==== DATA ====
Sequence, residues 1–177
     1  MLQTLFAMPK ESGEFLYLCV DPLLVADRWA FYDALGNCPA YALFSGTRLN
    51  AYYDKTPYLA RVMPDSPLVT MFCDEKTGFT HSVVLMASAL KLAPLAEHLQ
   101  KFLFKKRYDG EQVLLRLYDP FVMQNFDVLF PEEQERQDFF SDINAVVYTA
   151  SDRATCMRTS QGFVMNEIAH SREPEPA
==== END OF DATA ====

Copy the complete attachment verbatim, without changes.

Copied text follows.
Sequence, residues 1–177
     1  MLQTLFAMPK ESGEFLYLCV DPLLVADRWA FYDALGNCPA YALFSGTRLN
    51  AYYDKTPYLA RVMPDSPLVT MFCDEKTGFT HSVVLMASAL KLAPLAEHLQ
   101  KFLFKKRYDG EQVLLRLYDP FVMQNFDVLF PEEQERQDFF SDINAVVYTA
   151  SDRATCMRTS QGFVMNEIAH SREPEPA